The analgesic efficacy of intravenous dexamethasone for post-caesarean pain: A systematic review with meta-analysis and trial sequential analysis

Narinder Pal Singh, Jeetinder Kaur Makkar, Neha Yadav, Basavana Gouda Goudra, Preet Mohinder Singh

Research output: Contribution to journalArticlepeer-review

4 Scopus citations

Abstract

BACKGROUND: Analgesic efficacy of intravenous dexamethasone has not been well defined after caesarean delivery. We performed a systematic review and meta-analysis to evaluate the impact of peri-operative dexamethasone administration on postoperative pain after caesarean delivery. OBJECTIVES: We investigated the impact of perioperative intravenous dexamethasone on postoperative pain after caesarean delivery. The two primary outcomes of interest were early (4 to 6 h) resting pain scores and time to first rescue analgesia. DESIGN: A systematic review and meta-analysis of randomised controlled trials (RCTs). DATA SOURCES: PubMed, EMBASE, Scopus and the Cochrane central registers of controlled trials were searched to identify RCTs from inception to April 2021. ELIGIBILITY CRITERIA: Prospective RCTs comparing the role of intravenous dexamethasone with non-active control were eligible for inclusion. Exclusion criteria included trials comparing various doses of dexamethasone without any control treatment arm, dexamethasone with other active drugs and trials comparing different routes of dexamethasone, for example, wound infiltration. RESULTS: Thirteen RCTs constituting of 988 parturients undergoing caesarean delivery were included. Patients receiving dexamethasone had lower pain scores at rest at 4 to 6 h after surgery, mean difference -1.29 [95% confidence interval (CI), -1.85 to -0.73], P < 0.0001, with low quality of evidence (I2 = 94%). Moderate quality of evidence (I2 = 17%) suggested that the time to first rescue analgesia in the dexamethasone group was significantly longer, mean difference 2.64 h (95% CI, 1.85 to 3.42), P  < 0.0001. Trial sequential analysis for pain scores suggested the benefit of dexamethasone; however, the requisite information size (RIS) could not be reached, whereas RIS was adequate for time to rescue analgesia. Significant reduction in pain scores at all times and opioid consumption at 24 h with dexamethasone were observed with sparse reporting on adverse effects. CONCLUSION: Peri-operative intravenous dexamethasone was associated with a significant decrease in postoperative pain scores at rest and a longer time to first rescue analgesia, along with a small but statistically significantly reduced opioid consumption after caesarean delivery compared with nonactive control.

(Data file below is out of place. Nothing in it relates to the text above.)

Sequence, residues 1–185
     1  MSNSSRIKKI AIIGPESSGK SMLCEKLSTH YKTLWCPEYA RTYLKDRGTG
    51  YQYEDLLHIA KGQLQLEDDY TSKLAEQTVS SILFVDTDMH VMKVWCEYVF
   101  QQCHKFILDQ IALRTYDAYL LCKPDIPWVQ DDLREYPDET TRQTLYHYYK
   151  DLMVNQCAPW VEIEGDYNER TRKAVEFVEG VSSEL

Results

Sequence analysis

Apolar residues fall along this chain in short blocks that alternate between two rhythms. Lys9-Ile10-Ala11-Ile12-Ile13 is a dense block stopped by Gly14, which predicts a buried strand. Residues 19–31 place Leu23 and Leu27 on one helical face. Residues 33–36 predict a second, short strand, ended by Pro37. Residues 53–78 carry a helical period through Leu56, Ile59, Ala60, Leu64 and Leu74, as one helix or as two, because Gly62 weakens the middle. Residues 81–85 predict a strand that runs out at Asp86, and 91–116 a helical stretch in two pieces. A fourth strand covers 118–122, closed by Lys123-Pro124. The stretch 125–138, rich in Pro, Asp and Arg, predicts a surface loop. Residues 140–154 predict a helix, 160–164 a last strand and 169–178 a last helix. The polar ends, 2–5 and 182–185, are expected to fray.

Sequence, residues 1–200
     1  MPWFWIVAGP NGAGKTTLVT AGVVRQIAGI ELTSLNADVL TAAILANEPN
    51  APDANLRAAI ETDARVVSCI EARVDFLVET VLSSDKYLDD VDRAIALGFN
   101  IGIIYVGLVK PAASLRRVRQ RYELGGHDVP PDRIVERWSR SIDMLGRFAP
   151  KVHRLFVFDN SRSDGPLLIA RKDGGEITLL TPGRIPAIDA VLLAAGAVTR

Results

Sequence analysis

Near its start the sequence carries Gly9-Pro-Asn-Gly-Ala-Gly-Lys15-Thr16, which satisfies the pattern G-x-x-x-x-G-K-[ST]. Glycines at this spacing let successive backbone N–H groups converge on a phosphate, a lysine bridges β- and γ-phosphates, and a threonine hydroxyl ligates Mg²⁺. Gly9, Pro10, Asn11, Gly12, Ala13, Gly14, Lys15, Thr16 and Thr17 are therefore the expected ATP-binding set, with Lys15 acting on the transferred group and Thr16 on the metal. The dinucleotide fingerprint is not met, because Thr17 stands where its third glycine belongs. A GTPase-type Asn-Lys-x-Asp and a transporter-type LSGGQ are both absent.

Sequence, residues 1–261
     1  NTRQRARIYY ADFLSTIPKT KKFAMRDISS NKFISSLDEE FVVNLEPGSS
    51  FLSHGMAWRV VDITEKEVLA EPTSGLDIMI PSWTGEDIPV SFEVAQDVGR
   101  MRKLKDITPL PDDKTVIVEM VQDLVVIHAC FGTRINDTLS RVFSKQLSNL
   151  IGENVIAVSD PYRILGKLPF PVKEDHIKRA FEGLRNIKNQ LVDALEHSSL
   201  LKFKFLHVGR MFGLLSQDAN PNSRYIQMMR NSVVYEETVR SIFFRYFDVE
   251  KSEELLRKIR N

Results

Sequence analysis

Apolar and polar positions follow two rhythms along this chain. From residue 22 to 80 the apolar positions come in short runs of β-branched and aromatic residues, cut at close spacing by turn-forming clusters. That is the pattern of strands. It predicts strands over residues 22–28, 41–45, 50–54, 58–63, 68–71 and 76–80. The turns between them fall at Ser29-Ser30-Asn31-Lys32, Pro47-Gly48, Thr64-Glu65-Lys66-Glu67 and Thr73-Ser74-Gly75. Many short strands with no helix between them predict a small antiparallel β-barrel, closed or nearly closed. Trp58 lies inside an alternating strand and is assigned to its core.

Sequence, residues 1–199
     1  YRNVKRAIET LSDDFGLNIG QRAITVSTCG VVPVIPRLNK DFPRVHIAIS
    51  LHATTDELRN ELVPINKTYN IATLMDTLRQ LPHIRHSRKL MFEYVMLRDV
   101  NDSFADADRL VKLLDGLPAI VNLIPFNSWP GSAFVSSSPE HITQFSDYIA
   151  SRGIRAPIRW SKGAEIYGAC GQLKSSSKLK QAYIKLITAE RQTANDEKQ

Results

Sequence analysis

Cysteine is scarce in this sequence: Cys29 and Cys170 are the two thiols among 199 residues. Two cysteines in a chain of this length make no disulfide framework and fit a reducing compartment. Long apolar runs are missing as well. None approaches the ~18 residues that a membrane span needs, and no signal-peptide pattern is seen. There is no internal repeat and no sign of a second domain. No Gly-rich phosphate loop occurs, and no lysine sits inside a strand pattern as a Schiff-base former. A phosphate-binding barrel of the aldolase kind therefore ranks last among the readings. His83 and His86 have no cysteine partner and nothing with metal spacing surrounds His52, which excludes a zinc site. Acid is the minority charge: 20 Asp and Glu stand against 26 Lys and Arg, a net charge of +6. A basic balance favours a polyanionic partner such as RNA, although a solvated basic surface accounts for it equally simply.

Original languageEnglish
Pages (from-to)498-510
Number of pages13
JournalEuropean journal of anaesthesiology
Volume39
Issue number6
DOIs
StatePublished - Jun 1 2022

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